Is Your Eye Makeup Damaging Your Eyes?

While most makeup products are safe for use near the eyes, they do pose a threat if you don’t use them properly. Improper use of makeup, as well as lax eye care, can lead to eye irritation and infection. Even worse, it sometimes causes permanent eye damage, including blindness.

Problems Linked to Eye Makeup

Eye problems are easier to prevent if you familiarize yourself with the problems eye makeup can cause. Here are just a few:

  • Conjunctivitis. Often referred to as pinkeye, conjunctivitis might be the most common problem linked to eye makeup. Most makeup products contain preservatives that prevent the growth of bacteria, but bacteria can still find its way into makeup containers. Always seal your makeup products and keep them away from harsh chemicals.
  • Damaged cornea. Working in such close proximity to the eye heightens your risk of corneal damage. You might scratch your cornea with a mascara wand, or you might press too hard when applying eye shadow. Cornea damage sometimes leads to corneal abrasion, which then causes serious eye infections. Be gentle when applying eye makeup, and only use applicators that are made specifically for eye makeup.
  • Lead poisoning. Always read makeup labels, and avoid products that contain kohl. Kohl is a dark colour additive that can cause lead poisoning.
  • Blindness. As mentioned above, most makeup products are safe for use around the eye. But you should keep other products far from your eye. Hair dye is just one thing you should keep away from your eyes. Never use hair dye to colour your eyebrows or eyelashes, as it can cause blindness.


The Dos and Don’ts of Eye Makeup Application
Luckily, you don’t have to stop using eye makeup to prevent the problems above. Keep the following tips in mind to reduce your risk of developing eye problems.


  • Keep things clean. Wash your hands before applying makeup. Make sure your eyelids and lashes are clean before applying makeup. Don’t lay eyeshadow applicators or mascara wands on counter tops where they can pick up bacteria. Keep your makeup containers clean and free from external dust or liquid. Never use saliva or water to moisten liquid eyeliner or mascara.
  • Never share makeup. Whether you’re getting ready for a night out with the girls or just share a bathroom with a roommate, it’s often tempting to use someone else’s makeup. However, each person’s eyes contain a different level of normal bacterial flora. When you share makeup, your friend’s bacteria get into your makeup, which then travel to your eyes. The new bacteria can cause a number of eye issues, including irritation and infection.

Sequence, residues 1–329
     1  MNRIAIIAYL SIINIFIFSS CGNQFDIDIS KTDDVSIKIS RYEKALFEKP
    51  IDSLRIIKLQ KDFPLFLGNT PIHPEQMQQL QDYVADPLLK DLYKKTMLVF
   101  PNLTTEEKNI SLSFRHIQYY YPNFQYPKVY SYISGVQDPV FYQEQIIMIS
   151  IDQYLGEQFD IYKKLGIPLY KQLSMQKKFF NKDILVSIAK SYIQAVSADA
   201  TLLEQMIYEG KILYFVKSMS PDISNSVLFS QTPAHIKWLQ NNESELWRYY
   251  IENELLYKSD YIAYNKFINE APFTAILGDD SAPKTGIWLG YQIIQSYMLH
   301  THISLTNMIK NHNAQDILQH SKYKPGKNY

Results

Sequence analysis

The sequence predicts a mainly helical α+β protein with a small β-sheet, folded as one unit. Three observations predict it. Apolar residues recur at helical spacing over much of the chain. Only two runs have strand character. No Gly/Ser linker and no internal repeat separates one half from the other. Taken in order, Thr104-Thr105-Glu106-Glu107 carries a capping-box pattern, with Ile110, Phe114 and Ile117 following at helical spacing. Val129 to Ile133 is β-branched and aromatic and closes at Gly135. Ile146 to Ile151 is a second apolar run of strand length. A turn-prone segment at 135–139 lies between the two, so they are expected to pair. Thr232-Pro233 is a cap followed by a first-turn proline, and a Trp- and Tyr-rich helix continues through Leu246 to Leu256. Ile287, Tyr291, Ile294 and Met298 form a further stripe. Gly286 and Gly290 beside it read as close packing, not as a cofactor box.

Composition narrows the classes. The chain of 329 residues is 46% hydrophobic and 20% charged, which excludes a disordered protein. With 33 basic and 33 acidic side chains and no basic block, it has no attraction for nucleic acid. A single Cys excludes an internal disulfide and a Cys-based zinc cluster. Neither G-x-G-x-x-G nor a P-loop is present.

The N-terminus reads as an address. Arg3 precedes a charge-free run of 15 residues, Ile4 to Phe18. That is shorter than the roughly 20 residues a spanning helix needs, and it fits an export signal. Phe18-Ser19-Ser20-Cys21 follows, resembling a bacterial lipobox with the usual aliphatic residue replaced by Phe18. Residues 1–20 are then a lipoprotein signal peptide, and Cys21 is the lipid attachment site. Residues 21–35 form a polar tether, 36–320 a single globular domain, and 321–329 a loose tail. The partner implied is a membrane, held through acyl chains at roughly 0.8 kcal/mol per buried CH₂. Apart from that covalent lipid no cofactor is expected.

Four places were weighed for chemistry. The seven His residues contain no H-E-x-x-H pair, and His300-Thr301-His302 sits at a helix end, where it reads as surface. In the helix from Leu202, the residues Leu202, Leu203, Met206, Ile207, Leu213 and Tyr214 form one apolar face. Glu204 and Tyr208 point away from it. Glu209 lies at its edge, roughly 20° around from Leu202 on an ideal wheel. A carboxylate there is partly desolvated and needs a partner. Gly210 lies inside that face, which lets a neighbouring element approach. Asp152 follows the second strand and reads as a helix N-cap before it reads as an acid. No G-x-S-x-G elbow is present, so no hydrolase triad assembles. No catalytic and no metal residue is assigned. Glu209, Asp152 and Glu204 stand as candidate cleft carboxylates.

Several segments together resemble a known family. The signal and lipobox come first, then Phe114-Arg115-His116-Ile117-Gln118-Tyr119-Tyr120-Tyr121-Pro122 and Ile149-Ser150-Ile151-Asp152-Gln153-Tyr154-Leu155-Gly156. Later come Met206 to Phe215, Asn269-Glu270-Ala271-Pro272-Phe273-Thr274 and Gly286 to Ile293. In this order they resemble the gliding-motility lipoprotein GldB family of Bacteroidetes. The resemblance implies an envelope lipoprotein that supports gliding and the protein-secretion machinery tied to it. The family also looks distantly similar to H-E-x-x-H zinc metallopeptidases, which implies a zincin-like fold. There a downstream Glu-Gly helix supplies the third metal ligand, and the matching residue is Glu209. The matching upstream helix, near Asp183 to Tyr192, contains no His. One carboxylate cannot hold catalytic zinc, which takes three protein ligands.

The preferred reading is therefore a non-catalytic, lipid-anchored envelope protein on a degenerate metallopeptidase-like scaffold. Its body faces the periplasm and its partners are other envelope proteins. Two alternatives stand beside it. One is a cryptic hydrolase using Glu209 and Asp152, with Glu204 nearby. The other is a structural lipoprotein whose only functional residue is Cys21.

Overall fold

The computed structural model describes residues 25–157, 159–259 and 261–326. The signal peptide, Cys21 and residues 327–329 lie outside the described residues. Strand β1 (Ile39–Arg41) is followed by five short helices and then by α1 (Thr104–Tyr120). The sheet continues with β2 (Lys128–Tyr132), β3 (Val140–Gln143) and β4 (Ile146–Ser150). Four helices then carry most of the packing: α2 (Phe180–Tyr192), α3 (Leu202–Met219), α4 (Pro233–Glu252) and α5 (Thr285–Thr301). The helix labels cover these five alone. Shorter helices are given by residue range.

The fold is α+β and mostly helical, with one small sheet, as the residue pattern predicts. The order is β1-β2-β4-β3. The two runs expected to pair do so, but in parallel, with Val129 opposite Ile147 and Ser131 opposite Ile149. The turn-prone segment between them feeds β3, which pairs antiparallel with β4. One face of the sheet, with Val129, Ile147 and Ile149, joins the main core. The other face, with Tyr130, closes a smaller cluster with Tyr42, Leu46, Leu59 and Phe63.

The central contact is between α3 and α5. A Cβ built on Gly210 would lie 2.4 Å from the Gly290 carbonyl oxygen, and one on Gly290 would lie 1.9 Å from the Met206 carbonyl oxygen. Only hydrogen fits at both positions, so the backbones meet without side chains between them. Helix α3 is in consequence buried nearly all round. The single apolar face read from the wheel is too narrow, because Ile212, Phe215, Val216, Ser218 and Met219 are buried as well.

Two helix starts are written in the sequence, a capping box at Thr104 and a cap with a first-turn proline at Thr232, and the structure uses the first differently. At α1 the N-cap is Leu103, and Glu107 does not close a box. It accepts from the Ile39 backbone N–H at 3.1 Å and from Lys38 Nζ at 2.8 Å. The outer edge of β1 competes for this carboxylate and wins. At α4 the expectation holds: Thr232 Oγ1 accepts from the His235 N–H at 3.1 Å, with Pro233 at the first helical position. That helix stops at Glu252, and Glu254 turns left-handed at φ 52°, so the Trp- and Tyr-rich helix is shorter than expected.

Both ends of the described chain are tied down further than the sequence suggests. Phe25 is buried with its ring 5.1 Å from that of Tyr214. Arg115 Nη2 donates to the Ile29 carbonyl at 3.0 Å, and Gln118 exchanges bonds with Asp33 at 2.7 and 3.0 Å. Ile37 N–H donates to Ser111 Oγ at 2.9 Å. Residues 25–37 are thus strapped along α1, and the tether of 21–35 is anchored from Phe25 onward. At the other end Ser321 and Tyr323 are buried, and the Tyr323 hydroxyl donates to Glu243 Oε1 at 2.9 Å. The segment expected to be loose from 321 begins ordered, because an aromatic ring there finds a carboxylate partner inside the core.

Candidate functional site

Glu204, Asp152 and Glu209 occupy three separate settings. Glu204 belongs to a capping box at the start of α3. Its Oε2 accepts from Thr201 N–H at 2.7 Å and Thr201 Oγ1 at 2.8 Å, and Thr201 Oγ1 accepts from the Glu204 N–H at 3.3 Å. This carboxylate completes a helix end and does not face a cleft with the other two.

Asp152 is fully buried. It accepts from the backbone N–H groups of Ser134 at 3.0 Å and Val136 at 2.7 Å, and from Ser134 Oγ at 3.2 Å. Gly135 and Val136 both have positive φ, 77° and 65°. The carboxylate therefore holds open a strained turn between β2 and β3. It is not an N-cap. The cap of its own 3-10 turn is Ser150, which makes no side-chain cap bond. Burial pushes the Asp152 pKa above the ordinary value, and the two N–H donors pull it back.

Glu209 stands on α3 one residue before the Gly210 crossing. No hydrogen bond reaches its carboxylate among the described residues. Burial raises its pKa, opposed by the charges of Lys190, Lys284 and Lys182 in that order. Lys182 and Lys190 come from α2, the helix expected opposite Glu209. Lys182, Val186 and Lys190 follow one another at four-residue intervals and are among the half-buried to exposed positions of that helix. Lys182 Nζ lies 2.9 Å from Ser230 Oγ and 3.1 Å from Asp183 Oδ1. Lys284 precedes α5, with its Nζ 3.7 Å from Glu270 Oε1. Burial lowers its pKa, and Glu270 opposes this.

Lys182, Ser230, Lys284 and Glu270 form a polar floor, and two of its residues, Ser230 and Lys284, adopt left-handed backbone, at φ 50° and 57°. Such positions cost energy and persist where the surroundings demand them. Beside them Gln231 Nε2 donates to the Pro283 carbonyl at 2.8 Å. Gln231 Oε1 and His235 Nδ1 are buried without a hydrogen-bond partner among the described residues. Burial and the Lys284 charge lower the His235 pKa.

• Replace makeup on a regular basis. The longer you keep your makeup, the longer it has to grow bacteria. This bacteria can get into your eye, causing infections and corneal abrasions. Throw mascara and eyeliner away after three months. Eye shadow tends to last longer, but never keep it more than a year.
  • Store makeup properly. Proper storage is essential to maintaining your eye makeup. The preservatives in makeup that fight bacteria become less effective in hot or dirty places. Always store makeup at temperatures below 29? (85?). This means you shouldn’t store makeup in your car or backpack.
  • Stop using products that cause irritation. Both old and new makeup can cause irritation, and you should stop using a product any time it does so. Irritation often indicates a larger, more serious problem with the product.
  • Don’t apply makeup inside your eyes. Try keeping all makeup on the outside of your lash lines. This prevents you from scratching your eye and also prevents eyeliner from running into your eye if it melts during the day.
  • Say no to glitter. Shimmery or glittery products often contain small particles that irritate the eye. In addition to itching and redness, glitter particles can scratch the cornea.
  • Always remove makeup before bed. Although you might be in a rush to get to bed after a long day, don’t neglect makeup removal. Tiny specks of eyeliner or mascara can slip into the corner of your eye during the night, potentially causing an infection.
  • Be smart. Your eyes are more than your face’s focal point. They are living organs that require care. Be smart when you use eye makeup. Never apply it in a moving vehicle, as you can easily scratch your cornea doing so. Never use sharp objects around your eyes, including pins to separate lashes. Skip makeup when you have an eye infection to prevent further irritation.

Eye makeup doesn’t have to pose a threat to your eye health. Keep these tips in mind to avoid eye damage. Take a look at our other blogs for more information on keeping your eyes in good shape.

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